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Tom Stephen and Jasmine Drolet tops in under 20 category for second-straight day

CANMORE, Alta.—Katherine Stewart-Jones and Russell Kennedy stole the show on Sunday at the Olympic and Junior/U23 World Ski Championship Team Trials, winning the 15- and 30-kilometre individual start skate-ski distance races at Canmore Nordic Centre Provincial Park.

The 26-year-old Stewart-Jones powered through a strong headwind while skiing solo for each of her four laps around the punishing 3.75-kilometre track. The Chelsea, Que. resident clocked a time of 39:47.4 in the women’s 15-kilometre test for her second victory in as many days.

“Pacing was a huge part of today. I decided to go off a little more conservative than yesterday and I thought I nailed the pacing today,” said Stewart-Jones. “I just kept telling myself to move my legs when they were so dead and to use my arms more on the flats to give my legs a rest.”

Stewart-Jones’ friend and teammate, Cendrine Browne, was the next best finisher on the day. The 28-year-old from Saint-Jérôme, Que., all but officially locked up her second trip to the Olympic Winter Games with a time of 40:06.1.

“I am really happy and relieved. It was tough racing out there today,” beamed Browne, who made her Olympic debut at the 2018 Games in PyeongChang. “It was tough to keep thinking positive, but I just reminded myself of my race plan, stayed strong mentally and I just kept pushing and pushing.”

Jasmine Drolet, of Rossland, B.C., posted the fastest time in the under-20 category which placed her third overall after stopping the clock at 40:47.7.

“I’m usually more of a classic skier so doing well in a skate race is a bit surprising for me, but I felt good today,” said Drolet. “I was just working with the people around me to keep going fast today.”

Meanwhile, Russell Kennedy dusted the field in a challenging men’s 30-kilometre individual start skate-ski race to take his first victory of the week with a time of 1:11:54

“I was stoked for a 30-kilometre skate. It was fun to do it individually because it makes you work really hard,” said Kennedy, who was second in Thursday’s sprint race, and third in Saturday’s 15-kilometre classic-ski test.

“Winning the qualifier in the sprint by a good amount, I knew I was in good shape so that was a confidence booster for me. I knew I had a lot of fitness, so it was good to show it today.”

The Canmore, Alta. resident mastered his race tactics in each of his eight gruelling rips up and down the hills of the hard-packed 3.75-kilometre loop.

“I went a little hard on the first lap to be honest. I was worried I went a little too hard, but I was surprised when the splits kept coming up and then I knew I could hold the pace. I didn’t focus on a game plan. I just wanted to ski everything and the transitions really well. The wax team gave me really good skis.”

Kennedy, who represented Canada at the 2018 Olympics weeks before sharing guiding duties with Graham Nishikawa for Brian McKeever at the 2018 Paralympic Games, ironically gave the 17-time Paralympic medallist a ride to the finish line on Sunday.

“I was stoked to have a little bit of sprint finish with Brian, and pulling him into the finishing stretch,” laughed Kennedy, who trains regularly with McKeever. “It is always fun to have little battles within the race and to work with Brian because he has given a lot to me.”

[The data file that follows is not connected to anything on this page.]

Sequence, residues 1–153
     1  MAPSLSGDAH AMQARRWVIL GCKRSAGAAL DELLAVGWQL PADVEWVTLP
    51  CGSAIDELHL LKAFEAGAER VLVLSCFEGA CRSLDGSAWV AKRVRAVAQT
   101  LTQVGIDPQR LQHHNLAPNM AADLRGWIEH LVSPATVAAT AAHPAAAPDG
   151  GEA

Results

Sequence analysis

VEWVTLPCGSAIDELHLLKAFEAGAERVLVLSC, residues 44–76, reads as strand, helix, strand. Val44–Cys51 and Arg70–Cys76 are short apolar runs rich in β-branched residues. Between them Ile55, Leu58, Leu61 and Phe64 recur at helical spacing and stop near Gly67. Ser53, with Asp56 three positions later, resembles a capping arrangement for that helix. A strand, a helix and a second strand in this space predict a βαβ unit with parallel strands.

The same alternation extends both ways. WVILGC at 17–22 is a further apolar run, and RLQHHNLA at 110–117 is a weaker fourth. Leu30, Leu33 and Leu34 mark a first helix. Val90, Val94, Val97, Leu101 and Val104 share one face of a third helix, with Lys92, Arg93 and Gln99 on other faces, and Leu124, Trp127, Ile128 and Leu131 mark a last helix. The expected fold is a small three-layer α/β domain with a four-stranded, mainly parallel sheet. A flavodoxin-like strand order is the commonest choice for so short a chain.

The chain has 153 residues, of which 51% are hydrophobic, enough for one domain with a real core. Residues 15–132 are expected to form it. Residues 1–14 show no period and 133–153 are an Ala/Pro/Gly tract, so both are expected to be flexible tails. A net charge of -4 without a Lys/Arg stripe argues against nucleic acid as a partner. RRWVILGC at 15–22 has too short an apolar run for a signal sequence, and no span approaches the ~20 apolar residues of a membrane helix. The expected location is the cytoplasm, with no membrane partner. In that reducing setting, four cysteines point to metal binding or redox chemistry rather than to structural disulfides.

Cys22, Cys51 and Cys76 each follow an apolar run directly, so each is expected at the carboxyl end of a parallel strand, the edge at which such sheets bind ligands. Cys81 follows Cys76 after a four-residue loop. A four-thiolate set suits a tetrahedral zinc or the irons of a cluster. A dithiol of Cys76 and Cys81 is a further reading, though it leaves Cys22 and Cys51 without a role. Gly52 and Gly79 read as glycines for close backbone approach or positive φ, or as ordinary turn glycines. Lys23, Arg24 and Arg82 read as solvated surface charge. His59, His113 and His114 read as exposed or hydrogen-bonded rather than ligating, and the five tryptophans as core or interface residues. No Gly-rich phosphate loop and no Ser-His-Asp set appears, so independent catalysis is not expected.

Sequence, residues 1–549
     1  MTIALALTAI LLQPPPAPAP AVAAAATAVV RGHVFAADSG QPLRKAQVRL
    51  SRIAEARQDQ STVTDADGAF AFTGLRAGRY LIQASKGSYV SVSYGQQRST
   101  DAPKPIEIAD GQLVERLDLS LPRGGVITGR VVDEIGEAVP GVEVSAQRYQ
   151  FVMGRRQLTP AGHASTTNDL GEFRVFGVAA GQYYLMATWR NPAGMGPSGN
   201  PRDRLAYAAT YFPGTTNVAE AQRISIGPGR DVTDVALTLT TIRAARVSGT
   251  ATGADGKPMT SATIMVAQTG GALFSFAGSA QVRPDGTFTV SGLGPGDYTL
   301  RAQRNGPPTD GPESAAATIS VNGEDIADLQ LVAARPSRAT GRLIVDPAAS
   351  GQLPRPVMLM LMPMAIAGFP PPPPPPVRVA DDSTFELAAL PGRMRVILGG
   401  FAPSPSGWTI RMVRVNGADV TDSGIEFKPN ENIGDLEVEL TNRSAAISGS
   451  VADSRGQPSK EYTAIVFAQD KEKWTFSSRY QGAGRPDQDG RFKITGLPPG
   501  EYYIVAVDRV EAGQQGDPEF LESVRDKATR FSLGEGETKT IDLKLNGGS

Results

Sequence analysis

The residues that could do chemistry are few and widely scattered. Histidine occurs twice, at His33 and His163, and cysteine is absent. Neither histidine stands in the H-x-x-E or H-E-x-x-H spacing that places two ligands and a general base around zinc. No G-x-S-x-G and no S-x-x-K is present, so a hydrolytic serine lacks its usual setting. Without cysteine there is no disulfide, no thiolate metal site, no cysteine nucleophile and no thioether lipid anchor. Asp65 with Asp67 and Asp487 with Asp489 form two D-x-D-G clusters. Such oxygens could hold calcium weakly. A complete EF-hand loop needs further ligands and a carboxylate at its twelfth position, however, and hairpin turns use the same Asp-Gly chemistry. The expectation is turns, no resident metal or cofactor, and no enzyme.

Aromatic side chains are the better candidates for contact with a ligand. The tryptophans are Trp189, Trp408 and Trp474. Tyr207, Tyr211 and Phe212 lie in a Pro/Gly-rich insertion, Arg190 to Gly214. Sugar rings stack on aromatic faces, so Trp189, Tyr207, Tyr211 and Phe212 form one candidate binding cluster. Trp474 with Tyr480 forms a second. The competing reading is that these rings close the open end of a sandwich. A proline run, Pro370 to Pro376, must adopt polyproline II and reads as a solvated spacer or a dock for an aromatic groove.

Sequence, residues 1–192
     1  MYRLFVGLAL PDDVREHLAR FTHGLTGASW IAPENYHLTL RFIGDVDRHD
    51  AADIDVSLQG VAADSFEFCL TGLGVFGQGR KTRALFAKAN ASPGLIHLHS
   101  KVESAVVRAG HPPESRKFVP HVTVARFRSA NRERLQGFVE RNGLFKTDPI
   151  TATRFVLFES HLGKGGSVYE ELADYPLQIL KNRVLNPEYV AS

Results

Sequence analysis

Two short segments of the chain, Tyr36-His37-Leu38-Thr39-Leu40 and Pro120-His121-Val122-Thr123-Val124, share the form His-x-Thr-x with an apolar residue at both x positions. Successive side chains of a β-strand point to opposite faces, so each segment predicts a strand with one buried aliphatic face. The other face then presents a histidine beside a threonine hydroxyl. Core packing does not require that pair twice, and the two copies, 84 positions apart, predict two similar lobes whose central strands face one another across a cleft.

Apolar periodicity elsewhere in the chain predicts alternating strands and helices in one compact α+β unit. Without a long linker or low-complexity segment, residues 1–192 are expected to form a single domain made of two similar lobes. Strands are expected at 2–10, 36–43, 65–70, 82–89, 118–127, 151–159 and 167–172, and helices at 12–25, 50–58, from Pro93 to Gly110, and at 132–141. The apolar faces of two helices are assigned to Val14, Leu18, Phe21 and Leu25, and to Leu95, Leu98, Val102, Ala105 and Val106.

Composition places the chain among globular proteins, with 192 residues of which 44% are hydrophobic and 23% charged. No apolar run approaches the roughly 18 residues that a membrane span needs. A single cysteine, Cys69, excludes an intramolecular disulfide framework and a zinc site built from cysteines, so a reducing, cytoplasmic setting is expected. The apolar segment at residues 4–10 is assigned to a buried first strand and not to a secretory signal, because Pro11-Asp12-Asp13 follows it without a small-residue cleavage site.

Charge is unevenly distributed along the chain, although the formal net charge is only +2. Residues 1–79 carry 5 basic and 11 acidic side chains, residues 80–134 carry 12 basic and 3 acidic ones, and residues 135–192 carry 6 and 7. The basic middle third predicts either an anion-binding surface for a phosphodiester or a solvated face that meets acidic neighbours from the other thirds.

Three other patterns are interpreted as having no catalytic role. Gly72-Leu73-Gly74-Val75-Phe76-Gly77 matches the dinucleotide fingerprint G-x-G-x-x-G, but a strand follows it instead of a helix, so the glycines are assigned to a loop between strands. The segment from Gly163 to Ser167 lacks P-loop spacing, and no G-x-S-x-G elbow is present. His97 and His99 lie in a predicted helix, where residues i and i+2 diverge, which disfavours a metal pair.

Philippe Boucher, of Levis, Que., clocked the second-best men’s time of the day at 1:13:30.3.

“It is relieving to race fast again in Canada. I was disappointed with my classic (ski) race yesterday, so it was good to be in the mix today with the skate race,” said Boucher. “I was passing groups of people. I had my own pace, settled into a good gear and it paid off in the end with second place.”

Calgary’s Tom Stephen has also found his groove over the weekend while taking on the nation’s best on his home trails. The 19-year-old solidified top under 20 honours for the second-straight day after chalking up the third fastest time overall on the day at 1:13:40.1.

In a continued effort to mitigate the risks associated with COVID-19, while providing a fair and competitive opportunity, Nordiq Canada in conjunction with the Organizing Committee at the Olympic and World Junior/U23 Championship Trials, changed Sunday’s distance race from its traditional mass start format to an individual start.

Complete results can be found at

The National Trials wrap up on Tuesday with the classic-ski sprint races.

Nordiq Canada has an Olympic quota of four female and three male athletes for the 2022 Olympic Winter Games. To date, one female and three male athletes have met the Olympic criteria. The four races at the Olympic Trials will be used to select the remaining three female spots, as well as alternates for both genders. Five athletes from each gender will also be named to the World Junior Team and the Under 23 Team.

The Olympic Trials selection criteria and process, including the prioritization of Trials races, has been updated in the 2022 Olympic Winter Games Selection Criteria in the Document Centre on the Nordiq Canada web site.

Nordiq Canada is the governing body of para-nordic and cross-country skiing in Canada, which is the nation’s optimal sport and recreational activity with more than one million Canadians participating annually. Its 60,000 members include athletes, coaches, officials and skiers of all ages and abilities. With the support of its valued corporate partners – Haywood Securities Inc., AltaGas, Swix and Lanctôt Sports– along with the Government of Canada, Canadian Olympic Committee, Canadian Paralympic Committee, Own the Podium and B2Ten, Nordiq Canada develops Olympic, Paralympic and World champions. For more information on Nordiq Canada, please visit us at



Chris Dornan

Media and Public Relations

Nordiq Canada

T: 403-620-8731